Grading and Caring for Big Little Books®

Grading / Caring

Grading Qualities

The characteristics that collectors consider when evaluating the quality of books are presented in the following chart. The characteristics highlight features specifically related to BLBs and similar books rather than to characteristics related to magazines, pulps, or comics.

Specific quality characteristics range from scuffing and tearing to marking and defective printing.


Perfect--never opened or read

Some of these have been found in unopened boxed shipments of BLBs discovered in storage.

Near Mint

Near perfect--seldom, if ever, read

The book has: a tight binding; no missing pages; a bright glossy cover; unscuffed corners and edges; clean, unmarked pages.


Mild usage--read, but well-treated

The book has: a tight binding; no missing pages. The book may have: a cover that has lost its gloss but is otherwise bright; slight cracking along corners and edges (not fraying); clean pages; minimal light pencil markings; no defects in printing, binding, or cutting.

Very Good

Average usage--well read, but well-treated

The book has: no missing textual pages.

The book may have: a somewhat soiled or faded cover; slightly frayed corners and/or edges; minor tears (up to 1/2") at spine corners; minimal markings, but may be in ink.


Average usage--well read

The book has: no missing textual pages; it may have a blank page missing.

The book may have: loose pages; a somewhat soiled or faded cover; worn corners and edges (frayed); minor tears (up to 2") at spine corners (minor tape repairs are acceptable if done carefully); pages that show usage; minimal markings that are heavy or permanent; minor defects in printing, binding, or cutting; some bending or warping.


Harsh usage--well read

The book may have: a loose binding and/or pages; no more than three missing pages; a scuffed or heavily soiled or faded cover; well-worn corners and edges; major tears (longer than 2") at spine corners; extensive taping; pages that are very browned; extensive permanent markings; minor defects in printing, binding, or cutting; been extensively bent or warped.


Seriously damaged

The book may have: a separated binding and/or pages; more than three missing pages; extensive scuffing, fading, or soiling; water damage; pieces missing from cover; a missing spine or cover; been repaired badly with cellophane or other tape; browned or brittle pages; extensive permanent markings by ink, Crayola, paint; serious defects in printing, binding, or cutting; damage by rodents, insects, mold, or mildew.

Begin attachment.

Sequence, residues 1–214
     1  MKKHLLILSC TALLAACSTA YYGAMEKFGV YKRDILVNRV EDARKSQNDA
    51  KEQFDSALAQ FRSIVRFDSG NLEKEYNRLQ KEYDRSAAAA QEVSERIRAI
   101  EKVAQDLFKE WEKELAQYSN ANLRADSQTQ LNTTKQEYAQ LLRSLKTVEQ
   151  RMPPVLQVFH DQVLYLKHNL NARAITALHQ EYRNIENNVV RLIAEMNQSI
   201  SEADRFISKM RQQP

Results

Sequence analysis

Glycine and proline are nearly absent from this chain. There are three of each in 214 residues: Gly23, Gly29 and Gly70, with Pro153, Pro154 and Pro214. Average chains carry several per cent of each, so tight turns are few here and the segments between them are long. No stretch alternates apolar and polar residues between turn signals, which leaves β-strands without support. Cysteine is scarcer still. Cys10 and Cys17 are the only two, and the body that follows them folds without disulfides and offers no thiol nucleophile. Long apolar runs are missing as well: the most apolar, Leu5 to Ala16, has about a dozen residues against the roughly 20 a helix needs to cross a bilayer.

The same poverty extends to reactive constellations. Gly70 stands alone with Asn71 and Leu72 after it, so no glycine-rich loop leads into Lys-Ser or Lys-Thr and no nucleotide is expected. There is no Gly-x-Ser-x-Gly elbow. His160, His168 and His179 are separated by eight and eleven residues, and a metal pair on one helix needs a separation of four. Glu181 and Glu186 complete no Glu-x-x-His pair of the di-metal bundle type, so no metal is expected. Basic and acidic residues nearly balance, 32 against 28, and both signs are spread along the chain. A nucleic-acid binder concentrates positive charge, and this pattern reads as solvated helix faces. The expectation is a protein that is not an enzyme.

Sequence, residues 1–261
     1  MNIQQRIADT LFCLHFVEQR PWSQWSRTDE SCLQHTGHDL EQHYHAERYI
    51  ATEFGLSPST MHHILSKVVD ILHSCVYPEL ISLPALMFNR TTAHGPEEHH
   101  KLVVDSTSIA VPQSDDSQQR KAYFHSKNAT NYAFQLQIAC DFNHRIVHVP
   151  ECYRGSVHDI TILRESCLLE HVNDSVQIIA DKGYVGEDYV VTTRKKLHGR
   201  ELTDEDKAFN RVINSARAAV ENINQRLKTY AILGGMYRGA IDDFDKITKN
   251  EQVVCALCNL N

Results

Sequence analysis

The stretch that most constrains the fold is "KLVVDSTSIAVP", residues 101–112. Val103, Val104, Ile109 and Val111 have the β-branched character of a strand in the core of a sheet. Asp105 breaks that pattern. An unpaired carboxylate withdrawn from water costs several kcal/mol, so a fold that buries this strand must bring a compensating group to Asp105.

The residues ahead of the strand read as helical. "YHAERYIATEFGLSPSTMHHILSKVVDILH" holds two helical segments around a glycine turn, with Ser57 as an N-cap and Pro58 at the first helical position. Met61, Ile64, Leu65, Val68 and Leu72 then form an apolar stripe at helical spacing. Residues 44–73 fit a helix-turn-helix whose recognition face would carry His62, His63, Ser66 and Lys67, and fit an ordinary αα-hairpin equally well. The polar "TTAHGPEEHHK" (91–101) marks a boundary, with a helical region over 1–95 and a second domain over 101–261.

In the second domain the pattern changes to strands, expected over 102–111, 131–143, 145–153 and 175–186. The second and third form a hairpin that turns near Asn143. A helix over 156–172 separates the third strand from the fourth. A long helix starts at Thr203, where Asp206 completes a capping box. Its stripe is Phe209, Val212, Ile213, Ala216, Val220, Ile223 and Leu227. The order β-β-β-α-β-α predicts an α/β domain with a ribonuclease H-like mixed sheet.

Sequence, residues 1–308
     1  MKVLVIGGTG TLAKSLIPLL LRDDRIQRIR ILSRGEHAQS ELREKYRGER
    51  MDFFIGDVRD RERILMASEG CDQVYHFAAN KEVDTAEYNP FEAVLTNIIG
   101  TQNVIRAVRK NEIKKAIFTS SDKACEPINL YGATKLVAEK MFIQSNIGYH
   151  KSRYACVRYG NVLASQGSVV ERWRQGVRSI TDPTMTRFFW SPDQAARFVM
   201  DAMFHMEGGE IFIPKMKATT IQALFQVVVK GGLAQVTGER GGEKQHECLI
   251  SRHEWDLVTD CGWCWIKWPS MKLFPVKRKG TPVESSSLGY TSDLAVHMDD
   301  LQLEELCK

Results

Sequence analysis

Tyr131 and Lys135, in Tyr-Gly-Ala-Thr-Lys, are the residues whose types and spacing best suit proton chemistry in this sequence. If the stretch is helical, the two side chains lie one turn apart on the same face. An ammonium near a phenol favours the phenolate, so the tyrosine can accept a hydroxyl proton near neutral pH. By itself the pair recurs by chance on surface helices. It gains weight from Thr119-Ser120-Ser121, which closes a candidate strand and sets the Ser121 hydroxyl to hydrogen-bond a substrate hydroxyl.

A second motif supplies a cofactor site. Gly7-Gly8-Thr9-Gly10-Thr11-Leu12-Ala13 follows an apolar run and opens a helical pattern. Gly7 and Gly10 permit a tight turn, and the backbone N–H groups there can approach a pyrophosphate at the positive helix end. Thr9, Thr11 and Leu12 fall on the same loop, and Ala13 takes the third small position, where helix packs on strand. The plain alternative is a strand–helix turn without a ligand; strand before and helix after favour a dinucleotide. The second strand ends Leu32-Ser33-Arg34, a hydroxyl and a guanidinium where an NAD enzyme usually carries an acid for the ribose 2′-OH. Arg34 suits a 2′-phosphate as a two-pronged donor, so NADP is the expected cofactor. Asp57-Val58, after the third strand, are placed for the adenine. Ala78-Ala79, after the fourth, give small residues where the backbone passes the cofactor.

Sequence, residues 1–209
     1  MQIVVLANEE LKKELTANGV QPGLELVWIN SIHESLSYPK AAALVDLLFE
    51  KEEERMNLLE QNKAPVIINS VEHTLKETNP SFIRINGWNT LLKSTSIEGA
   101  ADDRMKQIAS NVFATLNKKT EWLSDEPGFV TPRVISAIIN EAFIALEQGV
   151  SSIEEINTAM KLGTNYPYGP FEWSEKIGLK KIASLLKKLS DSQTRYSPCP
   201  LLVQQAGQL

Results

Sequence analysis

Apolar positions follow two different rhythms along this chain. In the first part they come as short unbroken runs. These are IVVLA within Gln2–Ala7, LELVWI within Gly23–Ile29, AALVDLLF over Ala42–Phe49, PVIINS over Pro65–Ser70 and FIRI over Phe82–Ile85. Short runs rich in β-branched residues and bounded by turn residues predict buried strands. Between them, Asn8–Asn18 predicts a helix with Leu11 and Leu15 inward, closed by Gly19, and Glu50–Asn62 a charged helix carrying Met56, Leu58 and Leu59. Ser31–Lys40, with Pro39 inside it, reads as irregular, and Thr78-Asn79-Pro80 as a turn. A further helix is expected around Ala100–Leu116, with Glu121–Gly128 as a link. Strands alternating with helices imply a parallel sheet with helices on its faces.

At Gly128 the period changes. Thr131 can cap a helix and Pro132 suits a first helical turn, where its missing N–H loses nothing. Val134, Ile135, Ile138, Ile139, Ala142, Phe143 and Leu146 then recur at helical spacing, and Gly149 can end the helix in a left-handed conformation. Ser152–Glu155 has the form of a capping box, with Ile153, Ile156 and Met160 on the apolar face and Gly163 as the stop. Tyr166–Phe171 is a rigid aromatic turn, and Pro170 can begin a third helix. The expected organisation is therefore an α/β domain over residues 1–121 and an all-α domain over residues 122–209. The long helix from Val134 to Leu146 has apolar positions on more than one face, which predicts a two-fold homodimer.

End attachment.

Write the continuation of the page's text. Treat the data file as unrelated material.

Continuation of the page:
The symbols used for grading are:

    M Mint
    NM Near Mint
    VF Very Fine
    F Fine
    VG Very Good
    G Good
    FAIR Fair
    P Poor

Further Details: Missing Pages

Missing pages within the text of a book are easy to spot. The book usually opens easily at the place where a page or pages are missing. Books graded G or better should never have text pages missing. G graded books might have a non-text (blank) page missing, but should state this with the grading. Any book with a few text pages missing (no more than three) is a book in FAIR condition. Any book with more than three pages missing is a book in POOR condition. Sometimes a book in FAIR or POOR condition has a cover in very nice shape. This fact does not change the grading category, but the quality of the cover can be described and the value raised accordingly. NOTE: Non-text missing pages are quite common, and many collectors purchase books without knowing the books are incomplete. To know if a non-text page is missing, it is important to know how BLBs were constructed and how the pages are numbered.

In counting page numbers, both sides of a page must be counted. For most BLBs (one exception is the soft cover premiums), the face of the first page is glued against the outside cover. Thus page 2, if it were numbered, is the side you see first when you open a book. At the back of the book, the back face of the last page is fastened to the cover. Knowing this, you can now count the page sides at the front of the book up to the first numbered page or from the last numbered page to the back cover.